In the the Viking sagas it is told that many Sami would travel on their great ships because they could read the weather. It said they were often called "Weather Witches." Early Viking Chieftains whisper amongst themselves about not offending a Sami shaman so they can have good sailing.
Sápmi, the Sámi Country, includes areas of Norway, Sweden, Finland and Russia. Sápmi starts at the middle of Norway and includes the eastern regions of the Kola Peninsula. The natural landscape varies greatly in this area. The Sami are known as the "People of the 8 Seasons." These seasons are winter, late winter, spring, late spring, summer, late summer, autumn and late autumn.
I grew up listening to my Dad and Grandfather discuss Native America rights. My Grandfather was an avid supporter and often contributed to several activists groups. I remember as a kid my Grandparents and Mom telling me that I was 1/2 Swedish. But, looking upon my Grandfather, he didn't match the description of your typical Swedish man. He was about 5'6", stocky built, emerald green eyes that danced with mischievousness, and dark brown hair that started at the top of his head and didn't stop until the tip of his toes. I remember opening a book one day about the history of Sweden and finding a page that talked about the Laplanders. The picture showed very brightly dressed men and women herding reindeer. One picture stood out vividly. The man could have been my Grandfather's brother. I remember asking my Dad if there was a chance we could be related to these Laplanders. I was quickly told, "No!" After a bit of youthful persistence, my Grandfather finely admitted that there was "some Sami blood" within his bones. It was until years after his death did I find out why so many Saami reluctantly told family and friends they were Sami. The same persecutions that the Native Americans went through the Sami experienced too. The only difference was that the Sami could go to another country and start over.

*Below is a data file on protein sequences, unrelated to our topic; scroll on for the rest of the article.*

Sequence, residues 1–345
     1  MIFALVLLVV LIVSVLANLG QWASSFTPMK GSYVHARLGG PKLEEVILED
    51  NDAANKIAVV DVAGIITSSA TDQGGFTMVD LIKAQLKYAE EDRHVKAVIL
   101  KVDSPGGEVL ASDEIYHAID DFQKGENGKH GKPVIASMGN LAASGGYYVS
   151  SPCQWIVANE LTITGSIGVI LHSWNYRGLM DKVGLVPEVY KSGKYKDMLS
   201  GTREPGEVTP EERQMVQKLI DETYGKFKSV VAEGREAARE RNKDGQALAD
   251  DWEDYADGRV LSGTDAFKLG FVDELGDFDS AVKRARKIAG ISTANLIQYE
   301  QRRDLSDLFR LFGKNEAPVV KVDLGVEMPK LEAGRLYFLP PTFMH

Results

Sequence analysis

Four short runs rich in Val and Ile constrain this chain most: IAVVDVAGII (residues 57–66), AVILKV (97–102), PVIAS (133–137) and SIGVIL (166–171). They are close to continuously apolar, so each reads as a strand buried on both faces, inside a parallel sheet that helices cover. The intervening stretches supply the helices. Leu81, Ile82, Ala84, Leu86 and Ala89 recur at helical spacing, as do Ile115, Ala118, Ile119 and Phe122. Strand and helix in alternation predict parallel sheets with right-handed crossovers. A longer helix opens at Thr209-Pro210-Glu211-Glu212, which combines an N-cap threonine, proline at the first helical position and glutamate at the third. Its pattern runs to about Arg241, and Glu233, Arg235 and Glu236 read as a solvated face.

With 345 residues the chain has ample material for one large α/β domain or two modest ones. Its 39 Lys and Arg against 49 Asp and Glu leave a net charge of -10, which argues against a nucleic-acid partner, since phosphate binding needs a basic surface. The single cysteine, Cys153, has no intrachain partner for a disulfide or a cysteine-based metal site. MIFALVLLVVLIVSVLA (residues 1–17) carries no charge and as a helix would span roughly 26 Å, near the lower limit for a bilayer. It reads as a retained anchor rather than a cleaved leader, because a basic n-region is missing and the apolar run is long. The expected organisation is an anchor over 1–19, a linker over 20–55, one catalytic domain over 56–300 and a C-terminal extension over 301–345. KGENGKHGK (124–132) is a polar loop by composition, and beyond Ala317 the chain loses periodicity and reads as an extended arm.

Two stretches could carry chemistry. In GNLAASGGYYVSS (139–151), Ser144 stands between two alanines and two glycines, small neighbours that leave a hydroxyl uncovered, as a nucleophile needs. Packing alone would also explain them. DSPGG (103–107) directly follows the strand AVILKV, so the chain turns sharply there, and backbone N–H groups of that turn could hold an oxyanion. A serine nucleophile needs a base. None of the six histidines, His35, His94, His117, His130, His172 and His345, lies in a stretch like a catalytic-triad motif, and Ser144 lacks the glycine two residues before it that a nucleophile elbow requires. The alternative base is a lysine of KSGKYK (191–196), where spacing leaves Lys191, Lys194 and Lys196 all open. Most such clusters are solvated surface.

I have recently found that "some Sami blood" was actually "a lot of Sami blood." My quest now, like many Sami American decedents, is to find out who the Sami are. Do I dare hope to be counted amongst the Sami Parliament as a Sami? I don't know. But, I do know that as a player in the SCA I want to represent the Sami culture accurately, historically and with respect.
Those crazy Vikings need someone to navigate them through these storms.
As I discover more on this beautiful and lively culture I will post sites and more information.